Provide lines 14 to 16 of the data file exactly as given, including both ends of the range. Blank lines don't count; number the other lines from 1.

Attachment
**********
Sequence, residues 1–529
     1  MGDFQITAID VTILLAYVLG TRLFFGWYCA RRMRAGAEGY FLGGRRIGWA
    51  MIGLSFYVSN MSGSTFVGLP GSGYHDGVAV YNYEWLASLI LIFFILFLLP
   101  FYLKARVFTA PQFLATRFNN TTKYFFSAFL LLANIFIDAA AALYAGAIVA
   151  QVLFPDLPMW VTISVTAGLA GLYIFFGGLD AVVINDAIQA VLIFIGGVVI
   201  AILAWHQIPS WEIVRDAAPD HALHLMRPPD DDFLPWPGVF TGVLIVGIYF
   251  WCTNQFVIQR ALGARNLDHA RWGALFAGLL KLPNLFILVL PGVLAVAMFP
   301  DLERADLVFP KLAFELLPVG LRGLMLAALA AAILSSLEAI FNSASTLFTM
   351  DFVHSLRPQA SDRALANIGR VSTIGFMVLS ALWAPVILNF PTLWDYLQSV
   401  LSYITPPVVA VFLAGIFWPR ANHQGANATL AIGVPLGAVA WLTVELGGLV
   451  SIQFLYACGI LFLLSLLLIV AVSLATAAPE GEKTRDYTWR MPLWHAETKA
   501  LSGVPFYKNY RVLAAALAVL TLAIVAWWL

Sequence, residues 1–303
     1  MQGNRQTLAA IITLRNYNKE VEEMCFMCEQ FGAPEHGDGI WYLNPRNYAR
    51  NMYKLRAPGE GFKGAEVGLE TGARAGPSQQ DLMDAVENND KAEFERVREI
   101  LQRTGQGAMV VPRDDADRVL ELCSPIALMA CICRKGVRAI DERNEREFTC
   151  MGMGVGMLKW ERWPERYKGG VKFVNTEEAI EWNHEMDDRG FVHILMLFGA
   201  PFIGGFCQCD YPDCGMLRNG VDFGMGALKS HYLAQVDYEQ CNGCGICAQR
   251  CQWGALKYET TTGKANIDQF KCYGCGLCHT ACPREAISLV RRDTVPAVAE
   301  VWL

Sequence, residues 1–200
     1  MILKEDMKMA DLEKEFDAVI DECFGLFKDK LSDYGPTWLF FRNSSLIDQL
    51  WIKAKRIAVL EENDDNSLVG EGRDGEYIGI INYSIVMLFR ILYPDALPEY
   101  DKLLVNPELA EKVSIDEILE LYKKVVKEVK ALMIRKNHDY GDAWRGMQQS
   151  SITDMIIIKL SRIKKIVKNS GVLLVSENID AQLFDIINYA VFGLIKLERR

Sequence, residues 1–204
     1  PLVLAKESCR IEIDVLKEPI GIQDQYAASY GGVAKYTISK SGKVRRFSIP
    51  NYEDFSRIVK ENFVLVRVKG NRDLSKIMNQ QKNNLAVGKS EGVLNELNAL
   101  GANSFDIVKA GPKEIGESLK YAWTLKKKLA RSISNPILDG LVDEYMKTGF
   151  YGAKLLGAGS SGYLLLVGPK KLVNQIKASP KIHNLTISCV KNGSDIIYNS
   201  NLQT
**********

     1  MQGNRQTLAA IITLRNYNKE VEEMCFMCEQ FGAPEHGDGI WYLNPRNYAR
    51  NMYKLRAPGE GFKGAEVGLE TGARAGPSQQ DLMDAVENND KAEFERVREI
   101  LQRTGQGAMV VPRDDADRVL ELCSPIALMA CICRKGVRAI DERNEREFTC